Texas Attorney General Ken Paxton issued a non-binding opinion on Wednesday, Jan. 17, at the request of Sen. Paul Bettencourt (R-Houston) regarding certain school district and third-party activities to encourage and facilitate voting by school employees and students. Sen. Bettencourt filed the request in response to school district activities being encouraged by the Texas Educators Vote (TEV) coalition, of which ATPE is a member.

ATPE was one of several education groups that weighed in on Sen. Bettencourt’s request through formal correspondence to the Attorney General’s Opinion Committee. General Paxton invited stakeholders involved in the coalition effort to submit their input on the request by Jan. 12, 2018; Paxton’s opinion in response to the senator’s request was issued by the morning of the next business day (following a state holiday and closure of most state offices for one additional day on account of this week’s ice storm).

Jennifer Canaday

“ATPE is disappointed that the Office of the Texas Attorney General spent so little time considering the merits of the request and the ancillary materials that it requested,” said Jennifer Canaday, ATPE Governmental Relations Director. The attorney general’s opinion actually makes no reference to the additional information supplied by ATPE and other coalition partners in response to Sen. Bettencourt’s request. “Nevertheless, there is nothing in today’s opinion that warrants a change in our direction. ATPE intends to continue our non-partisan get-out-the-vote efforts and our work with the Texas Educators Vote (TEV) coalition to encourage voter participation within the education community.”

Much of the attorney general’s opinion focuses on questions about the use of school buses to transport students and school district staff to the polls during voting periods. In a press release yesterday, ATPE said that it disagrees with Paxton’s opinion that a court would likely find school-sponsored transportation of employees to polling places unconstitutional. However, both ATPE and the TEV coalition have always deferred to school district leaders to make decisions about any such transportation services.

“We trust that school boards will continue to make prudent decisions on this matter in light of all the legal advice available to them,” Canaday said.

ATPE stands by the information provided to the AG’s office in our correspondence dated Jan. 12, 2018. In that letter, ATPE pointed out a number of facts that had been overlooked or distorted in the senator’s request for an opinion. For instance, the “culture of voting” model resolution that has been promoted by ATPE and other members of the TEV coalition makes no reference whatsoever to political candidates, parties, or ballot measures. As such, ATPE continues to believe that adoption of such a resolution by school boards does not give rise to any potential violations of political advertising restrictions. We also highlighted the fact that ATPE and other member partners of the TEV coalition have worked to ensure that the coalition’s educational materials include guidance about what educators can and cannot do related to elections, including prohibitions on using school district resources for political advertising, which General Paxton similarly cited in his opinion.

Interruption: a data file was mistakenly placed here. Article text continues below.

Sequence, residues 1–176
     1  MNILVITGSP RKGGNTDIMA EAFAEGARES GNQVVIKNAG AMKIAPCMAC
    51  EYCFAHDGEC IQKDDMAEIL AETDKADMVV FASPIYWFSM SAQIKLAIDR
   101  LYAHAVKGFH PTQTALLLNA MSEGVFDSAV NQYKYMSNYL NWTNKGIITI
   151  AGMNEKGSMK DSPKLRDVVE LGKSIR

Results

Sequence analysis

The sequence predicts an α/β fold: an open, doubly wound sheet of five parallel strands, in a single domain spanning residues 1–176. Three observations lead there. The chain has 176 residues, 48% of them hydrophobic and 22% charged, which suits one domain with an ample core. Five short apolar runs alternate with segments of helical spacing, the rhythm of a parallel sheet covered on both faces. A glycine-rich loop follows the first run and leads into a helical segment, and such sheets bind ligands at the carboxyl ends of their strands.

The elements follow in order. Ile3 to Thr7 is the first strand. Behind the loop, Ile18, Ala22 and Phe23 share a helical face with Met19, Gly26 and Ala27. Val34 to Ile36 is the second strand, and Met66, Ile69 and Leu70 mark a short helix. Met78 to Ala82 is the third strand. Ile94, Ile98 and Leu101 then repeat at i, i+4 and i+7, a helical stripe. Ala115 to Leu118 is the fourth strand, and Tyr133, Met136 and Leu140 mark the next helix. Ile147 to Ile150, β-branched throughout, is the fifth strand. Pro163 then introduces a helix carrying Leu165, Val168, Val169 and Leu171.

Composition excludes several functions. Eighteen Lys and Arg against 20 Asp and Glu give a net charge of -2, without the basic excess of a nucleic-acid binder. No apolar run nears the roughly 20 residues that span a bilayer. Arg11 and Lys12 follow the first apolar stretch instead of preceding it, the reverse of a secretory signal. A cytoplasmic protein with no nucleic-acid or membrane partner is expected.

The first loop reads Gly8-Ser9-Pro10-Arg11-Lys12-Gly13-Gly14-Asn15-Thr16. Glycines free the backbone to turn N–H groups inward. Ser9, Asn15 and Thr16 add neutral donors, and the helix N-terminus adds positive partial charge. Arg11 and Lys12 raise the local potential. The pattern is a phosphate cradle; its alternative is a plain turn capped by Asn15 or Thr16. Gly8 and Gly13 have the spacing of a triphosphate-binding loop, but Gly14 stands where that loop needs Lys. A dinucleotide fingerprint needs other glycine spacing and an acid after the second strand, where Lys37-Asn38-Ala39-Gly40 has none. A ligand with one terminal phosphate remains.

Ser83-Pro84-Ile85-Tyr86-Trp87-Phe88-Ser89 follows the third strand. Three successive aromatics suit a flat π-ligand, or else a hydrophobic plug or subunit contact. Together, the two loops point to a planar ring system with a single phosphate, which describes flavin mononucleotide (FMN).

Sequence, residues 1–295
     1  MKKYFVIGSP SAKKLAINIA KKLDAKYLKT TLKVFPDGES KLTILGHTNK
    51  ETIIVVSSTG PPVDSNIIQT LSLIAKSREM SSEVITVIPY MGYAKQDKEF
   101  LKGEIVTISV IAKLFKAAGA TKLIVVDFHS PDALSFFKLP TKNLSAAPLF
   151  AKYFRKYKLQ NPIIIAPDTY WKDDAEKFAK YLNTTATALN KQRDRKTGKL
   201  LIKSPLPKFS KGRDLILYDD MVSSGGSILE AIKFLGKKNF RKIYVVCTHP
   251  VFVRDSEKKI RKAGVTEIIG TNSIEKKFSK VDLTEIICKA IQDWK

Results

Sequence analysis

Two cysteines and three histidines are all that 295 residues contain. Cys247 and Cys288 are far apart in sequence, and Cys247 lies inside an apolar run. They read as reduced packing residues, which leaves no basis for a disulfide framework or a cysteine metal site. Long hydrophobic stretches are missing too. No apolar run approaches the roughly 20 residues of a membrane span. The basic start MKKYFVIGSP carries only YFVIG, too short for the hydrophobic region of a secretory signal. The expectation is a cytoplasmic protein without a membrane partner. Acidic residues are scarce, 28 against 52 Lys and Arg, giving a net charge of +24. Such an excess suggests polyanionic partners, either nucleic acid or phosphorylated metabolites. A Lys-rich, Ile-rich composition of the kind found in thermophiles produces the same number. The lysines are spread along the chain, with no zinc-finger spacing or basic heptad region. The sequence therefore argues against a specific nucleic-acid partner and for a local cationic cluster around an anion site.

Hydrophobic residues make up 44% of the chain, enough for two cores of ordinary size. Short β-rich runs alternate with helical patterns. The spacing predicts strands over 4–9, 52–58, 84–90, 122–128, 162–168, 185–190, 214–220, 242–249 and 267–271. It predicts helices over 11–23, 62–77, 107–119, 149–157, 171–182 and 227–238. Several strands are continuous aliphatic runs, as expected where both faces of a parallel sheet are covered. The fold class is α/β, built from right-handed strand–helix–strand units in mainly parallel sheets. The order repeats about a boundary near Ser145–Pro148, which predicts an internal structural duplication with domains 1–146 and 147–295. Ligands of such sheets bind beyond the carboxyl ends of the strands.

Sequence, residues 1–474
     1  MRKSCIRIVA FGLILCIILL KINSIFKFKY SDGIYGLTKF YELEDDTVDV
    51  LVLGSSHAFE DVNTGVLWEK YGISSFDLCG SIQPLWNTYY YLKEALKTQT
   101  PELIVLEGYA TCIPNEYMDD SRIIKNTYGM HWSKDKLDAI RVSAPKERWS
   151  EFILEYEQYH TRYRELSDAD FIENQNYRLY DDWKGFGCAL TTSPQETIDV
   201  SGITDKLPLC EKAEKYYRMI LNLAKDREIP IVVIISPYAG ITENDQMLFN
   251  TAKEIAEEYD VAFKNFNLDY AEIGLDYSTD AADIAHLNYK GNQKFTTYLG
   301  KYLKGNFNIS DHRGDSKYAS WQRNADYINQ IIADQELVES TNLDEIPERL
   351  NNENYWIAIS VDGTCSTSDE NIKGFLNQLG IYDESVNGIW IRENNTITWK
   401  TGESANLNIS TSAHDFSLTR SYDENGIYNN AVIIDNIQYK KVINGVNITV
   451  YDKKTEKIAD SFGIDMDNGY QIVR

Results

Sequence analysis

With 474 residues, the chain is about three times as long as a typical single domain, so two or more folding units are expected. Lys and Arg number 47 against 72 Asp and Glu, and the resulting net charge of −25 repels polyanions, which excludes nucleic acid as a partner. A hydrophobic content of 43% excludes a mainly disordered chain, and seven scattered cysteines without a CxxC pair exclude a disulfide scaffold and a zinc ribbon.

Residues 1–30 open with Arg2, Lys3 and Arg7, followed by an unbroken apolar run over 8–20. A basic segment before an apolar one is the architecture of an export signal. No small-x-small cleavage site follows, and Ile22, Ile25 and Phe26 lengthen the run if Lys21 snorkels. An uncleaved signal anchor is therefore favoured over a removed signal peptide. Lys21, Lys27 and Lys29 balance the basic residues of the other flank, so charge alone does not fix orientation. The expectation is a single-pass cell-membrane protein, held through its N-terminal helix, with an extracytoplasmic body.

Neither the TEV coalition website nor any other website linked to it as an external resource (such as ATPE’s TeachtheVote.org website and the Secretary of State’s Project V.O.T.E.) is used to promote specific candidates or ballot measures. Thus, ATPE maintains that the coalition’s and ATPE’s web-based GOTV resources, much like the Texas Secretary of State’s online voting resources, do not engender any violations of political advertising laws even in the event that a school district or its employees were to spend public funds to promote such Internet resources.

It’s also noteworthy that General Paxton’s opinion makes no mention of Sen. Bettencourt’s complaints about promotion of the TEV Coalition’s “Educator’s Oath to Vote” and about school district initiatives to encourage educators to vote and wear their “I voted” stickers to school. Sen. Bettencourt complained in his request for a legal opinion that such activities amounted to coercion by school administrators. The attorney general’s silence on these topics reinforces ATPE’s position that these types of nonpartisan GOTV activities are well within the legal rights of educators and school district officials and do not run afoul of any existing laws.

ATPE and our coalition partners are committed to emphasizing the importance of voting to the strength and future of our democracy, and we wholeheartedly support the he rights of educators and eligible students to participate in elections. We will continue to provide resources and suggestions to school districts and respect their administrations’ decisions about how to facilitate voter engagement on their campuses for educators and students.

Teach the Vote’s Week in Review: Dec. 15, 2017

As you’re preparing for a holiday break, here’s a look at this week’s education news from ATPE: